Kerwin Mathews at Columbia: Pirates & Lilliputians

December 9, 2017 | By

This weekend forms a catch-up after both video work and several screenings put several reviews on pause, and I had to fill in a few reviews with some related coverage to broaden the scope of the main piece. Case in point are two 3D films from 1953, Man in the Dark and Cease Fire, with the former finally discovered after it remained ‘lost’ in a box and I’d upgraded my Blu-ray playback setup to accommodate 3D.

Those reviews will follow very shortly, but let’s move on to the latest couplet.

Beginning as one of Columbia’s up-and-coming stars, Kerwin Mathews may well have faded to a footnote in cinema history had he not appeared in two classic fantasy epics courtesy of mastery effects whiz & producer Ray Harryhausen – The 7th Voyage of Sinbad (1958) and The 3 Worlds of Gulliver (1960), the latter released on Blu-ray by Twilight Time and in the UK via Indicator. My review covers the film proper, and extras that span the film’s differing special editions on laserdisc, DVD, and separate Blu-rays.

His early career in the early 1950s included a few TV roles before he was elevated to leading man in a series of family-friendly mini-epics, and he wisely retired around 1978 when the roles started to include Octaman (1971) and The Boy Who Cried Werewolf (1973), the latter reuniting him with Sinbad director Nathan Juran.

Because Columbia was also handling the release of more than a few Hammer productions, Mathews appeared in the unusually dark The Pirates of Blood River (1962), also out via Twilight Time on Blu, and Maniac (1963), and being tied to Hammer horror, he seemed  a logical commercial choice for clunky suspense-thriller The Killer Likes Candy (1968).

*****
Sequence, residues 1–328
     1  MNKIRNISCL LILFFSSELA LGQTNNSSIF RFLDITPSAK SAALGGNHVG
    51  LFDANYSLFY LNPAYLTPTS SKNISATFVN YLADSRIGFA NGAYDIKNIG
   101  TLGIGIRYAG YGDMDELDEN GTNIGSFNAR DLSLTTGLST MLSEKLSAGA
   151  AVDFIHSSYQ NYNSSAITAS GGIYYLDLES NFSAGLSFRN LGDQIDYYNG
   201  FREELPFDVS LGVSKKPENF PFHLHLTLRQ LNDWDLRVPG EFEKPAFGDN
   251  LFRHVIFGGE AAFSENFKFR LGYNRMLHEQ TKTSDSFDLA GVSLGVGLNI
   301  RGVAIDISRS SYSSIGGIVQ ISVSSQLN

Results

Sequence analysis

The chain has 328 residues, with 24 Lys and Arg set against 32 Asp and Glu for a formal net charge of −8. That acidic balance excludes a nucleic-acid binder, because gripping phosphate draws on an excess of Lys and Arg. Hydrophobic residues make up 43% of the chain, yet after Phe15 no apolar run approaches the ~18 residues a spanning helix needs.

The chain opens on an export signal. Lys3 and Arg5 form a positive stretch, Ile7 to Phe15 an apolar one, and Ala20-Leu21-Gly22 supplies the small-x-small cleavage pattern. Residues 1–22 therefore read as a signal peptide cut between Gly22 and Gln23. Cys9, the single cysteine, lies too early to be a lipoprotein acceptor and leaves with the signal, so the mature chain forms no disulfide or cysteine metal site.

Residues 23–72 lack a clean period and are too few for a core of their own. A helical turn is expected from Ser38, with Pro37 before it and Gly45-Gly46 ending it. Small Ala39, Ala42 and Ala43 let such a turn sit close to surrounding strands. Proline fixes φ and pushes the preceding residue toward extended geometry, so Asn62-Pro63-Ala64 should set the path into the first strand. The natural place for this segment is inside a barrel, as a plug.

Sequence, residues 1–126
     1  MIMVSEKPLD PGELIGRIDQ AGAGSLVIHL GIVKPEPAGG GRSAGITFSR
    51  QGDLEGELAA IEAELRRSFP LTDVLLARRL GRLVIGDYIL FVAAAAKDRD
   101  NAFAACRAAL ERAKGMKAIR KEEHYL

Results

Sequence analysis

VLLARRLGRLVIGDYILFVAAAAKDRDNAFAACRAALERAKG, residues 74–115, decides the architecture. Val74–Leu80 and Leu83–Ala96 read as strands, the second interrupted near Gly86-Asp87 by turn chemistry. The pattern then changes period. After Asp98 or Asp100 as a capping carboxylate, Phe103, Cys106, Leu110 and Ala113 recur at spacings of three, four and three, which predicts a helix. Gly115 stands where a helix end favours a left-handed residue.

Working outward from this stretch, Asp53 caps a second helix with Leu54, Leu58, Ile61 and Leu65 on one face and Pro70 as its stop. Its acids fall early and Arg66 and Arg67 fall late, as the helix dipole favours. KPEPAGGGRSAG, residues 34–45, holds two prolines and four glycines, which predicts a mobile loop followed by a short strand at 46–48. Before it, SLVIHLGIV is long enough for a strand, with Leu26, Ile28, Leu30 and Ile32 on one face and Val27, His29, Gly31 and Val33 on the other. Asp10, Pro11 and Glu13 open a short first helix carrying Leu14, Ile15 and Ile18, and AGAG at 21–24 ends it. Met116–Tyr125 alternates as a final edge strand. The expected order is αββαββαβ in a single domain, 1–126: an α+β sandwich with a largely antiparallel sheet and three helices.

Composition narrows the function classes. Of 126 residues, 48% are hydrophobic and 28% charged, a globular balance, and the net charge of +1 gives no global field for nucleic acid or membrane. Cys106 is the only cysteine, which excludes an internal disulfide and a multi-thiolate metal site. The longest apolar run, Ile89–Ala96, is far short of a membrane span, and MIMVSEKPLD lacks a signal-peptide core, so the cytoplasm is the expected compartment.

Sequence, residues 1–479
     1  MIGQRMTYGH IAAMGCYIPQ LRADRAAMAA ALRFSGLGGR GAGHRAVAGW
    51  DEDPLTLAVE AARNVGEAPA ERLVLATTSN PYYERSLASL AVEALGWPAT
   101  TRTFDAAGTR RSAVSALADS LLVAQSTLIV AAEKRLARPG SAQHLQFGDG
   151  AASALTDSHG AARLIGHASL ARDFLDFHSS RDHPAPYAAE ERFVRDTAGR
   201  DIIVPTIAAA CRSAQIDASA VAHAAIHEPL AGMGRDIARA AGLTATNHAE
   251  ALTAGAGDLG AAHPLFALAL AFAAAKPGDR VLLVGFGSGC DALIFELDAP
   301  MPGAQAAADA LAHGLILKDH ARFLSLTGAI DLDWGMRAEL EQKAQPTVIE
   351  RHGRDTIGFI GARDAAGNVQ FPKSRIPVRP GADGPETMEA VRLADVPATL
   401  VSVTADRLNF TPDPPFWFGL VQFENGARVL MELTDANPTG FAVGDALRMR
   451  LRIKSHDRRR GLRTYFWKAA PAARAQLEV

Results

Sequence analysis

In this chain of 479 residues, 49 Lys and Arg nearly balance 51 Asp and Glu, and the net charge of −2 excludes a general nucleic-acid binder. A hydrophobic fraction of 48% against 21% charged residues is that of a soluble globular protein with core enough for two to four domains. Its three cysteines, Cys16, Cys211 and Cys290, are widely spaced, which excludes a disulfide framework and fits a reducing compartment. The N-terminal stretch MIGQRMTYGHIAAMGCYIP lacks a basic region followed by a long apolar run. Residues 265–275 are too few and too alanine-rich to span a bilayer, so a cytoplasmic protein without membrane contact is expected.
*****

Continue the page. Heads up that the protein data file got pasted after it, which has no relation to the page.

Onscreen Mathews projected confidence and a likeable persona that lent itself extremely well to fantasy roles, historical figures, and action – he seemed an unlikely choice for the French Bondian franchise OSS 117, but starred in two instalments. He also co-starred in more than a few Columbia genre efforts, including the neo noirs The Garment Jungle (1957) and Man on a String (1960), and the volcanic disaster film The Devil at 4 O’Clock (1961) with Spencer Tracy and Frank Sinatra.

His filmography is hardly massive, but in hopping through films one gets a taste of a star’s life, being groomed in high profile productions, tried out in disparate yet popular genres, hitting stride within the fantasy & family genres, and finding new works as a freelance actor after the studio system crumbled and actors had to be inventive to keep careers afloat.

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In addition to more reviews, I’ll also announced an upcoming book that features quite a few of my reviews from sexploitation, thriller, experimental, and outright smut that have been edited, some expanded, and neatly nestled among work by peers. Watch for cover and page snapshots early next week.

Thanks for reading,



Mark R. Hasan, Editor

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